Sunday, September 5, 2010

Tolerance and Hypocrisy

In the past year or so, there have been several examples of Catholic parochial schools that have fired employees who have received same-sex civil "marriages". After this happens, the media gets hold of the story and runs with the same story. It has these tell-tell signs:
1 - The big bad Catholic Church is intolerant
2 - The Church is acting hypocritical
3 - The Church is mean and isn't nice to those with same-sex attraction.

I would like to explore these issues, based on the most recent story. A snip:
"I was given a choice of termination or resignation," Judd said. "I'm hurt, but I wish nothing but the best for Cathedral, its students, the parents, the athletic teams, administration and faculty. I bleed purple (the school's color)." ...

"I married my partner this summer," Judd said. "I was hoping that my loyalty, my professionalism the last 12 years would supersede the current hypocrisy that has already been shown with the Diocese of Springfield."

Asked to elaborate on her claim of hypocrisy, Judd said she questions if there are lay persons who work for the Catholic diocese who divorce and remarry without an annulment, or employees who use birth control, or men who have had vasectomies, or individuals who are pro-choice on abortion.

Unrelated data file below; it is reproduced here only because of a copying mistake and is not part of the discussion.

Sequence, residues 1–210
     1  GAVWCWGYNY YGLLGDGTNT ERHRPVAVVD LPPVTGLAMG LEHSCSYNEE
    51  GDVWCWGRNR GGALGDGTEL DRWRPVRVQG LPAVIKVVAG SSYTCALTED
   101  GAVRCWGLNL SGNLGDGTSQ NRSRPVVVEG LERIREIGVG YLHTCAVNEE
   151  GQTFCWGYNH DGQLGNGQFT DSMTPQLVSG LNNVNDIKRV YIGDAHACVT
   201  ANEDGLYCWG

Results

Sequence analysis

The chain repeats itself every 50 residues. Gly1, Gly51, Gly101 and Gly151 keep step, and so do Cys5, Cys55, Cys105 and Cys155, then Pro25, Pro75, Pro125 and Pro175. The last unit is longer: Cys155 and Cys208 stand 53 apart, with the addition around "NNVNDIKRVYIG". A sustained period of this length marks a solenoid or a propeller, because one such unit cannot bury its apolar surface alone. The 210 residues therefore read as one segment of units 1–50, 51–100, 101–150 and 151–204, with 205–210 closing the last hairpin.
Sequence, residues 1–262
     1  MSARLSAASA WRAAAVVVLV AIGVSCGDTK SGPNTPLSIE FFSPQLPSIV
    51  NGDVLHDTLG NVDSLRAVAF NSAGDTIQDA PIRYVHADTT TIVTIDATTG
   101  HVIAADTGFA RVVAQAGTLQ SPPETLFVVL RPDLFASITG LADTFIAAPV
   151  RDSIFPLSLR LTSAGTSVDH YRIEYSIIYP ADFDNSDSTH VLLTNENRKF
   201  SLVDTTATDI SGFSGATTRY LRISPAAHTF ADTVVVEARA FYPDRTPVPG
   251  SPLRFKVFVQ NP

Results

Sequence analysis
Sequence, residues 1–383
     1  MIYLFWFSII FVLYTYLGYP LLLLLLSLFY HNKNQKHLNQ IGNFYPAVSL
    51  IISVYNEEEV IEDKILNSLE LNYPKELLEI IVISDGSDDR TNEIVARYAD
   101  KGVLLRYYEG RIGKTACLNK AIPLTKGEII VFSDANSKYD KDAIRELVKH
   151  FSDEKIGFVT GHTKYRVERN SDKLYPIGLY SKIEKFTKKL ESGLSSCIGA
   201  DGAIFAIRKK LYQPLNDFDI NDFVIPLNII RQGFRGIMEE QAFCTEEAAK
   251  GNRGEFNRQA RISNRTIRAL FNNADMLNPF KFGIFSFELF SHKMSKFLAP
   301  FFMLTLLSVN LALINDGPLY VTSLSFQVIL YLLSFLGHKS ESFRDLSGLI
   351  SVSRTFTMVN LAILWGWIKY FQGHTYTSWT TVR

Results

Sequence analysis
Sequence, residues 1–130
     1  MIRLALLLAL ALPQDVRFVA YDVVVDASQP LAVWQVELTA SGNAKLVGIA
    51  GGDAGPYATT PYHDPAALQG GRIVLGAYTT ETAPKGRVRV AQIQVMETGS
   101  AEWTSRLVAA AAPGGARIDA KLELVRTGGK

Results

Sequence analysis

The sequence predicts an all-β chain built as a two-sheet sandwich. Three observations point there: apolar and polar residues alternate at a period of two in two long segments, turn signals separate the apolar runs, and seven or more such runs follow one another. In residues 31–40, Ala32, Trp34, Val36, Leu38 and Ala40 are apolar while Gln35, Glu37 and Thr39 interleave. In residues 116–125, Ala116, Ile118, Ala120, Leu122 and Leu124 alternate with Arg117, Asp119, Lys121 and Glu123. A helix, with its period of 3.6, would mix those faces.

This argument makes no sense, because the issue isn't about whether the Church should "enforce" the same rules. As a diocesan official explains, it is about public scandal.
"Without being specific to this matter, it should be clear that all employees of our Catholic schools are made aware of our policies and regulations," Dupont said. "This includes language that clearly states that whenever by public example, an employee engages in or espouses conduct which contravenes the doctrine and teaching of the Catholic Church, that employee may be subject to disciplinary action. To do otherwise would be in contradiction to the values we believe in and are teaching in these same schools
So, we cannot have someone publicly living an active lifestyle that champions something that is contrary to Catholic teaching.

If the woman wanted to have better examples of hypocrisy, it would have been if someone who champions those who are divorced and remarried by hosting a rally, someone who is lobbying the US Bishops publicly to allow contraception, or a Catholic who volunteers at Planned Parenthood.

These are the proper examples of someone who also would have been in violation of the code.

So, is the Church hypocritical? No. The woman should not expect to work at a Catholic institution, with a specific code of conduct built into her contract, and do something counter to that contract.

Is the Church intolerant? Of scandal - yes. Of people - no. If this is the case, then those who disagree with the Church are just as intolerant. The accusation cuts both ways.

Is the Church mean? No. To allow someone to sin and not tell them that what they are doing is wrong, is much much much meaner.